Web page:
This volume prints the early Virginia court cases that Jefferson organized for publication from the manuscript records at the bar of the General Court. The appendix is comprised of Jefferson's disquisition on whether Christianity is a part of the Common Law, describing "the most remarkable instance of Judicial legislation, that has ever occurred in English jurisprudence...." A quite rare posthumous collection of works by Jefferson, with an introduction and annotations on cases provided by him. AMERICAN IMPRINTS 41386. $2500.

Black Murderers Executed in Philadelphia

83. Joyce, John: CONFESSION OF JOHN JOYCE, ALIAS DAVIS, WHO WAS EXECUTED ON MONDAY, THE 14th OF MARCH, 1808, FOR THE MURDER OF MRS. SARAH CROSS; WITH AN ADDRESS TO THE PUBLIC, AND PEOPLE OF COLOUR, TOGETHER WITH THE SUBSTANCE OF THE TRIAL, AND THE ADDRESS OF CHIEF JUSTICE TILGHMAN, ON HIS CONDEMNATION. Philadelphia: Printed at No. 12 Walnut-Street..., 1808. 24pp. Woodcut border and coffin on titlepage. Dbd. Tanned, some foxing. Good.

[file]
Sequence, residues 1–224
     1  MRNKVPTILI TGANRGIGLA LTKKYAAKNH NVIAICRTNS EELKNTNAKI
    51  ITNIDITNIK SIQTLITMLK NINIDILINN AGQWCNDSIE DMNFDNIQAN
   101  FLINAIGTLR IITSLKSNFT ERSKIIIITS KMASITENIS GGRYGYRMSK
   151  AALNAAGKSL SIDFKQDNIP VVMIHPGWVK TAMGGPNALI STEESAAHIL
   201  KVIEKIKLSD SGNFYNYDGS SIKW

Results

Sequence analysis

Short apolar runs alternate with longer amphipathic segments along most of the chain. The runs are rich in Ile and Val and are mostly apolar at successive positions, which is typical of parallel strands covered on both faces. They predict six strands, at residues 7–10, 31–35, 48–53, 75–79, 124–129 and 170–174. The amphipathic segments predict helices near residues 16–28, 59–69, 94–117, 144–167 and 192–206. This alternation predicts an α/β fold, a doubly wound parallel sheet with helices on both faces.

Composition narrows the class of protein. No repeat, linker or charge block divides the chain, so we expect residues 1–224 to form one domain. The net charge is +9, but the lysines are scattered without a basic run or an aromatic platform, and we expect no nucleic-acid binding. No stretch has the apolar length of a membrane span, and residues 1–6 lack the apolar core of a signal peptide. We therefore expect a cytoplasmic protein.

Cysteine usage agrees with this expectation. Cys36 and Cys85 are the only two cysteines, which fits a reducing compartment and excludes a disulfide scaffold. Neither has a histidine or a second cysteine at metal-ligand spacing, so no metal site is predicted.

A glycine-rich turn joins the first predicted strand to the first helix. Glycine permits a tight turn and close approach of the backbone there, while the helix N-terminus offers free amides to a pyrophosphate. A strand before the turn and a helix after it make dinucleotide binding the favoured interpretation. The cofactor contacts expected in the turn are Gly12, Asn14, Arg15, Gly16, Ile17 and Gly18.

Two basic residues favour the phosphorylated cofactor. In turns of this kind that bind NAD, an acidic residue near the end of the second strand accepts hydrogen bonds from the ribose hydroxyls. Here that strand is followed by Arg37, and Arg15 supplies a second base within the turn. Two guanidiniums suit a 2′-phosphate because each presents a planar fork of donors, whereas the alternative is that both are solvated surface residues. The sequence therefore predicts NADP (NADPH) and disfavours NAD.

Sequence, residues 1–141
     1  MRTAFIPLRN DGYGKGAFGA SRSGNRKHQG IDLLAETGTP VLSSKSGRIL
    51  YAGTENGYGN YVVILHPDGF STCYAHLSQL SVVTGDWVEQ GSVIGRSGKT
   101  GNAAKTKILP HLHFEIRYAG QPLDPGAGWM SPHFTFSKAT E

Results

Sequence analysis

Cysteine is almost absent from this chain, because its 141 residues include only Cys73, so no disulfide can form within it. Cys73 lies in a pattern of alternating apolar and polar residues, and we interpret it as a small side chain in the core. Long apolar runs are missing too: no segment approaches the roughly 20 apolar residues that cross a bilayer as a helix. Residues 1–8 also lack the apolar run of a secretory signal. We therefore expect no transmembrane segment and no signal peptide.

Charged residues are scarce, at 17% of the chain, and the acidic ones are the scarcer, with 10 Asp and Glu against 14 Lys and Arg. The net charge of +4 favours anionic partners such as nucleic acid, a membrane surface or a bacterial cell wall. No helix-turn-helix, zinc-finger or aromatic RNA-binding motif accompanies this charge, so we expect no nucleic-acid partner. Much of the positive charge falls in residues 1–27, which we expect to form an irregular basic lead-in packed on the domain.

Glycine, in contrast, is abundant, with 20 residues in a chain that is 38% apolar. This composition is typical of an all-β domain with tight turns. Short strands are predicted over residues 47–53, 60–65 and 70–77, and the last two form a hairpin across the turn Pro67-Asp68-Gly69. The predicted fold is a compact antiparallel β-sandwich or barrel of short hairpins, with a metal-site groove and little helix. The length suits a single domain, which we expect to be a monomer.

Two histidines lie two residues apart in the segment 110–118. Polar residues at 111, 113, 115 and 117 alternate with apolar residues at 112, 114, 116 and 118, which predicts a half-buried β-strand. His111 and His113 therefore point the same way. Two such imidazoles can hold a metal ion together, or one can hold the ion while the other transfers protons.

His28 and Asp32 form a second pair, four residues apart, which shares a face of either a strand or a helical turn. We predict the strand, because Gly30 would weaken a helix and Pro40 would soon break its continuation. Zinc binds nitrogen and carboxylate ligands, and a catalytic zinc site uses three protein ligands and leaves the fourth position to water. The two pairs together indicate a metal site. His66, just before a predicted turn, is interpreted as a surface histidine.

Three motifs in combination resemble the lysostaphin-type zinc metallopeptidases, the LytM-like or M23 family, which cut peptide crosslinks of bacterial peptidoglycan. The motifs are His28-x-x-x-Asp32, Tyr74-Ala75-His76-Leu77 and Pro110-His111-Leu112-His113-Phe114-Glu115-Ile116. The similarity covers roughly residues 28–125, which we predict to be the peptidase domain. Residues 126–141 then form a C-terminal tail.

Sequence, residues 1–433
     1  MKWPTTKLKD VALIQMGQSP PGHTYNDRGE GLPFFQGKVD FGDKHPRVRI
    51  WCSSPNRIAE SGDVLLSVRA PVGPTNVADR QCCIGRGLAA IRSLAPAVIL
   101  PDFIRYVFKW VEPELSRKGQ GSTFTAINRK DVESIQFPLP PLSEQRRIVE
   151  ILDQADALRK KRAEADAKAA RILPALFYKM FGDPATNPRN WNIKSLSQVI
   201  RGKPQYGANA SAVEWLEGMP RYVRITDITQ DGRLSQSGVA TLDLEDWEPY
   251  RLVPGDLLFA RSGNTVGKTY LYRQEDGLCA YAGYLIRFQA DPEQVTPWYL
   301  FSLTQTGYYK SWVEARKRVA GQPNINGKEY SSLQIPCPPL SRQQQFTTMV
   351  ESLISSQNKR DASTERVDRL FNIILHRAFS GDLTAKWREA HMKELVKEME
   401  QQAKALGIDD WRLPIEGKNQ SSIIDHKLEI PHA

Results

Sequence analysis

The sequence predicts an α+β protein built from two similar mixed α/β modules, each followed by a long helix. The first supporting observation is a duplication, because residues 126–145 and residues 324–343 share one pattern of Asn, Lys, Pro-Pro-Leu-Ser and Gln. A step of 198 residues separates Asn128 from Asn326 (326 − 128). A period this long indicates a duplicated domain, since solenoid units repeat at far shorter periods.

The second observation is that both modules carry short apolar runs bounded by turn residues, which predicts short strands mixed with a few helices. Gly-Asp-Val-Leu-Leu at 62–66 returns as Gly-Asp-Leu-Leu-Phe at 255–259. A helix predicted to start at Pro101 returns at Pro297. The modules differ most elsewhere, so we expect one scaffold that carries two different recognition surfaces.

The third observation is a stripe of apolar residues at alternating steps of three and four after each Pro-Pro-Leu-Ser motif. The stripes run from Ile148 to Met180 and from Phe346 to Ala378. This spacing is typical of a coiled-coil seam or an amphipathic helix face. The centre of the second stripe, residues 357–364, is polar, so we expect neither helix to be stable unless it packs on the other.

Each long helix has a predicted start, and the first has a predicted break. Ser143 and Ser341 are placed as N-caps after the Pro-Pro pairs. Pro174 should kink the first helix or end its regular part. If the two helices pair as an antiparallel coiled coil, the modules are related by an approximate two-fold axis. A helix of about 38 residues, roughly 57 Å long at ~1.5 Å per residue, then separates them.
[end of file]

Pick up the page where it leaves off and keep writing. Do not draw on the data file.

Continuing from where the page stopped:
"Mrs. Cross kept a small shop in which she was strangled with a clothesline by Joyce and Mathias, negroes, who robbed her. They were defended by Nicholas Biddle, the Philadelphia financier, and Richard Rush, later United States attorney general and statesman; but as so frequently happened in cases before defendants could testify, the defense consisted solely of speeches by counsel" – McDade. There were also editions of eighteen and thirty-six pages. McDADE 543. COHEN 12764 (ref). SHAW & SHOEMAKER 15337. $1000.

"The foremost American institutional legal treatise" – DAB

84. Kent, James: COMMENTARIES ON AMERICAN LAW. New York: Printed by O. Halsted, 1826-30. Four volumes: vi,[2],508; viii,528; viii,413; viii,550pp. Modern calf, gilt leather labels. Old dampstaining, mostly in the second and fourth volumes. Modest pencil marginalia throughout. A good set.